I was ironing a pair of jeans last night that I had resurrected from my collection of ‘out of sight clothes but not out of the house clothes’. They had been deliberately put in a storage bag then tucked away in a fairly inaccessible cupboard above my wardrobe, not deemed worthy of a space in my day-to-day wardrobe for over five years.
Why had they not actually left the house with other items donated to charity over that time, especially when I hadn’t worn them in so long? Clearly I don’t actually need them or they wouldn’t have been relegated to a storage bag for so long? More and more we are being encouraged to clear our living spaces. Cleanse our closets, to give to a good cause, to let go of things we don’t wear anymore…but these beige jeans had remained. Why? Because they were expensive. The guilt of parting with something that had cost as much as they did was the reason they survived the charity donations edit time and time again.
I’ve never regretted getting rid of anything cheap. That Primani (Primark) skirt, that Quiz top and Topshop dress that I bought on a whim without really considering what I was purchasing. Ugh, all of them because I never truly valued it form the start. They were ‘just for fun’ and before I understood the impact of fast fashion. Their value was zero.
I’m sorry landfill or African country that you now find yourself in. I gave you to charity over the years in good faith but they were of poor quality even when new, secondhand after a few washes and wears they will have deteriorated even more. You are probably there somewhere and will be for another 300 years slowly breaking down into micro plastics to further pollute the soil and waterways. I wish I hadn’t bought you in the first place. I wish you hadn’t been made in the first place.
Good quality clothes cost more than £20 for a pair of jeans. The beige jeans I mention above were bought in a boutique in America and I had never heard of the brand before, nor have I come across it again since. There was no seductive marketing influence or fancy recognisable brand label influencing that choice.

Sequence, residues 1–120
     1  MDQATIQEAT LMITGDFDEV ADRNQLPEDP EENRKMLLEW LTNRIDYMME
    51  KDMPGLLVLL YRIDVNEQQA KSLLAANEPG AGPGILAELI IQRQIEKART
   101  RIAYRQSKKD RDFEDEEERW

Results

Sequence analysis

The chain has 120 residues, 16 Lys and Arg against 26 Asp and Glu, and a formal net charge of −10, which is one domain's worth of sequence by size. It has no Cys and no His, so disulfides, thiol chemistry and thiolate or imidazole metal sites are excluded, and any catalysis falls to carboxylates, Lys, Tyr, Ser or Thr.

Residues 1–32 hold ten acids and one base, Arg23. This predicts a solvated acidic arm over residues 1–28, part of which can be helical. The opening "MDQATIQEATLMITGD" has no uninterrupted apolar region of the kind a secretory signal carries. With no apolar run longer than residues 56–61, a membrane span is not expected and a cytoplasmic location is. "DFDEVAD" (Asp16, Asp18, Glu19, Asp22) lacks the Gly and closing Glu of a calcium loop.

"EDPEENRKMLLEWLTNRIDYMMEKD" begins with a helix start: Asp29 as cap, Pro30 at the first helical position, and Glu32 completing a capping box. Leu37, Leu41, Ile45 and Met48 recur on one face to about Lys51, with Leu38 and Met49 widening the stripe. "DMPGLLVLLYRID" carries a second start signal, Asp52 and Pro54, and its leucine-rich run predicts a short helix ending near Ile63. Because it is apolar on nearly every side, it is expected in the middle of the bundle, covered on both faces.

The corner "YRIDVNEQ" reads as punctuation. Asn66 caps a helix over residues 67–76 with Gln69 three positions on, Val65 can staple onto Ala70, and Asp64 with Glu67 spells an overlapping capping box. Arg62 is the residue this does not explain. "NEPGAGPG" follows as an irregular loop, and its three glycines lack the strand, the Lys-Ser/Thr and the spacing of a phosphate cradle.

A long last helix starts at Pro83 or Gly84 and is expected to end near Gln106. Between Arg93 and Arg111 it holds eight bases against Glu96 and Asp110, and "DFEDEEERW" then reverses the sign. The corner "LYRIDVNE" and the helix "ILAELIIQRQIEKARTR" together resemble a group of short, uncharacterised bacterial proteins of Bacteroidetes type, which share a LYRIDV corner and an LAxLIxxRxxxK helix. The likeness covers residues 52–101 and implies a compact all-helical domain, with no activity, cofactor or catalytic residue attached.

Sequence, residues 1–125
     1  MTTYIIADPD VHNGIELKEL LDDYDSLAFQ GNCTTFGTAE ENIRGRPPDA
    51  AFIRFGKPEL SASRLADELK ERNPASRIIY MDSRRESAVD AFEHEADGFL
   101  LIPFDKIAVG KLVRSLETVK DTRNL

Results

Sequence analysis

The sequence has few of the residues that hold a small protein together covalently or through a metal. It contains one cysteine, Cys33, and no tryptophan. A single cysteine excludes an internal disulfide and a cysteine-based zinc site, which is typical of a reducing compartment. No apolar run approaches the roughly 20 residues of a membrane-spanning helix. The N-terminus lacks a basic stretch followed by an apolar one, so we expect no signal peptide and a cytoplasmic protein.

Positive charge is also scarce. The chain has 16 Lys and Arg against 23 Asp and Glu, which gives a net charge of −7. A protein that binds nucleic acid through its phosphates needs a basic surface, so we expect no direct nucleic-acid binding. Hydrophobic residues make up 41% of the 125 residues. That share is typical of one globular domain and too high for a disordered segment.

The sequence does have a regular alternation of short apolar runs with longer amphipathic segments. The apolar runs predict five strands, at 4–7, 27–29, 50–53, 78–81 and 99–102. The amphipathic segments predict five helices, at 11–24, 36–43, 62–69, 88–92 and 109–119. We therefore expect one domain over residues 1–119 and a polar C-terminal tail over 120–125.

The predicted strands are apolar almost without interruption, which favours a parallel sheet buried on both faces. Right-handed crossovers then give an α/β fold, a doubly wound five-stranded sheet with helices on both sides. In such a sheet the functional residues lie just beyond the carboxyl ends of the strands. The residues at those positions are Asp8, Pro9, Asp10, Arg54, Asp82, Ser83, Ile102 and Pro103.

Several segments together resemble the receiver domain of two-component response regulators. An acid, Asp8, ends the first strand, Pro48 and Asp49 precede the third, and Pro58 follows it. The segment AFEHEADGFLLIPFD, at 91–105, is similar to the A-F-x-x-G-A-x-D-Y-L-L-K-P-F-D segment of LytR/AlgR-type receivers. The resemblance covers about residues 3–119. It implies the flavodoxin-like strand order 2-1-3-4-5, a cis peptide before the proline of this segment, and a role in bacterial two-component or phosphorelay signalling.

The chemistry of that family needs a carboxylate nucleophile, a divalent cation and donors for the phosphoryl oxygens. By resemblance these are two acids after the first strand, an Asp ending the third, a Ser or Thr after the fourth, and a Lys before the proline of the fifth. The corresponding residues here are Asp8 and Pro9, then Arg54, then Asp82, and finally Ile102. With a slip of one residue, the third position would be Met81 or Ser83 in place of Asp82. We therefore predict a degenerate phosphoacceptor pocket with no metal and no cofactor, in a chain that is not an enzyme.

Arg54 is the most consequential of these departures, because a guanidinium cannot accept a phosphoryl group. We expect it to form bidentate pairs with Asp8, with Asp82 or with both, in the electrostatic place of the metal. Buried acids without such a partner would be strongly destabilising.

As I looked at them properly last night, possibly for the first time ever, acknowledging how good quality the fabric was, I also realised just how beautifully made they were. The attention to detail and little design nuances inside and out, this was the reason why they were expensive. With their little kick flare hems and yummy warm beige tones, with a cut that makes my butt look ten years younger than it is, to me, this season (and I'm sure for many more,) they are priceless. The only carbon footprint inflicted on the planet by me adding them to my wardrobe this season is washing them and ironing them.
The distinguished leaders of fashion are passionate about quality. These brands have never produced inferior quality goods. Don’t get me wrong, you are paying in part for the designer label but there is also a significant difference in the cost price of raw materials and workmanship between a £10 top and a £500 top. The £10 top is too cheap; the £500 can be overpriced. Profit margins at the mass-market end of fashion are around 100% mark up on cost price. The more prestigious a brand, the higher the markup will be with 400 or 500% markups not uncommon. The sweet spot is the brands who sit in the middle and the good news is, more and more of these are coming to market to satisfy the demand for high quality, well made clothes in sustainable fibres.
I watched a recent short talk by Chris Packham on the environmental crisis and he states that if we in the UK alone, continue our current rate of consumption of stuff (including clothes) it will require two Earths worth of resources to meet the demand.
As the Spring clothes appear and the temptations of a new season start, consider the less is more approach. Have less but make sure anything new is better quality even if it is secondhand. If you were guilty in the past of buying three or four average priced things in a season, buy only one more expensive (and sustainable item instead.) Reducing our consumption of ‘stuff’ is essential. Buying only what we need is a big step in the right direction to being more sustainable.
So as usual, my motto is; shop in your wardrobe first, buy right first time and wear with love often.